Coronavirus: Boris Johnson is paying the price for supporting Dominic Cummings

We now know for sure what most Westminster watchers have always suspected: Boris Johnson is prepared to move heaven and earth to try to protect his most trusted adviser Dominic Cummings.

Instead of his chief aide falling on his own sword after revelations that he had broken lockdown rules, the prime minister decided this weekend to become Mr Cummings’ own human shield instead.

And it has wounded him and his government – not just politically but in substantive policy terms too.

When it comes to handling the coronavirus crisis, the decision to defend Mr Cummings’ 260-mile trip to Durham to seek childcare support from his family has blunted not just the stay at home message but the wider rules.

Why should the public follow guidelines that those in power do not?

“Trashing” all the lockdown advice in a “few short minutes” is how Professor Stephen Reicher, a member of the government’s advisory group of behavioural science, put it on Sunday night.

Ministers worry that it could mean the R number begins to rise, bringing in turn more cases, more deaths and even a second wave; the economic, social and public health consequences of which are unconscionable.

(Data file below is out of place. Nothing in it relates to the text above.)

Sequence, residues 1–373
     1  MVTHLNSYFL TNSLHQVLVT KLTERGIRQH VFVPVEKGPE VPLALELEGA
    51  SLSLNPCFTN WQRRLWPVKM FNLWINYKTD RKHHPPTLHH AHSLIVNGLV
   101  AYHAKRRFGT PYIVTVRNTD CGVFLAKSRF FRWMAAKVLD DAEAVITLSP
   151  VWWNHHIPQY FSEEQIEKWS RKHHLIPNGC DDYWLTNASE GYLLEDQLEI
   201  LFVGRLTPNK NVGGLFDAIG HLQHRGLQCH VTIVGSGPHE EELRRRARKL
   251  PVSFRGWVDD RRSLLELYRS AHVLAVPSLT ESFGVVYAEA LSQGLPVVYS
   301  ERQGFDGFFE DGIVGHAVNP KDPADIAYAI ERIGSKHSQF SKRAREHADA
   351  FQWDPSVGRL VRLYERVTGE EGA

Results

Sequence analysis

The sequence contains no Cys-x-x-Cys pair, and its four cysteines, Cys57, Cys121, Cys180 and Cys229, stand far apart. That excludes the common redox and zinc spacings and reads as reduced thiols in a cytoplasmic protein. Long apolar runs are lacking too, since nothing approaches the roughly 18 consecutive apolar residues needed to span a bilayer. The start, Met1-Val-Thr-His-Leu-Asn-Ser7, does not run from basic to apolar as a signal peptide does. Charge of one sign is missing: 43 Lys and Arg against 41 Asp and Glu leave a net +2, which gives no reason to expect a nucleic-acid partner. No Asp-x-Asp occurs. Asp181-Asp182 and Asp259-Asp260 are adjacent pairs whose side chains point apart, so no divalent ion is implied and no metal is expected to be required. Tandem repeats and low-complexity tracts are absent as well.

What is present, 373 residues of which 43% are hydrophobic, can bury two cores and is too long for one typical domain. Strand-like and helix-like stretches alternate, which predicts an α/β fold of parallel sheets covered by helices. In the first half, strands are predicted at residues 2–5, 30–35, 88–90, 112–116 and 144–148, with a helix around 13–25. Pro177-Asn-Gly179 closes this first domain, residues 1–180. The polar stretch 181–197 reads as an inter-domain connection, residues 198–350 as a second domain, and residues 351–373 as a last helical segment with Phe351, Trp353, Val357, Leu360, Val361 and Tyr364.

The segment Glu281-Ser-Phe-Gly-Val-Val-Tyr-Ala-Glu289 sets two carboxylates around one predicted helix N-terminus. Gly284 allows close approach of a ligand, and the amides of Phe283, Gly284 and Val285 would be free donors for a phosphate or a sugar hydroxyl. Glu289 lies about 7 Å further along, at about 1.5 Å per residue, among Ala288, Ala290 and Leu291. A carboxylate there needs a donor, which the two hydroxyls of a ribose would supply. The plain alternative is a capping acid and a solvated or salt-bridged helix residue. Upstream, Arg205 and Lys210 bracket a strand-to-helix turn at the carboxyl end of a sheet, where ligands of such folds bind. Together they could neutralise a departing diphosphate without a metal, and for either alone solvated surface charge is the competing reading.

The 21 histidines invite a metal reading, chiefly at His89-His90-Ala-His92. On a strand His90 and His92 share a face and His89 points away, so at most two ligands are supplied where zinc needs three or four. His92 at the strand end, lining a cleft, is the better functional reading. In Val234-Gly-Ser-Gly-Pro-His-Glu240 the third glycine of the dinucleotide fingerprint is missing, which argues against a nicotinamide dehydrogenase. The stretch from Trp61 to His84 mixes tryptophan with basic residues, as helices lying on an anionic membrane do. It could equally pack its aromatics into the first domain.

And in political terms, the prime minister has not only failed to shut down the sorry saga but has also managed to infuriate his own MPs and the public.

One minister told me what they had witnessed at that press conference on Sunday was “the PM’s authority with the British people draining away in front of my very eyes”.

Another MP wrote to me after watching the PM to tell me his inbox was filling up with emails from furious constituents.

“Frankly I feel disgusted on how a Conservative prime minister can treat decent people who have sacrificed so much, with such contempt,” they said.

That the prime minister has chosen to expend vast amounts of his political capital on his adviser is an astonishing turning of tables in a world where it is the aides who fall on their swords for their political masters.

But Mr Johnson has clearly decided that he needs Mr Cummings enough not to take the easy route out by cutting him loose and moving on.

But this is a fight not yet won.

Fifteen Tories have now publicly called for him to go, while behind the scenes there are many more demanding expressing their anger and demanding more answers from the PM via party whips.

Mr Johnson is also losing his base beyond the party: the Daily Mail on Sunday night also turned its guns on the prime minister and called for Mr Cummings to go.

What Number 10 had framed as an attack on it by “campaigning newspapers” is morphing into something else entirely.

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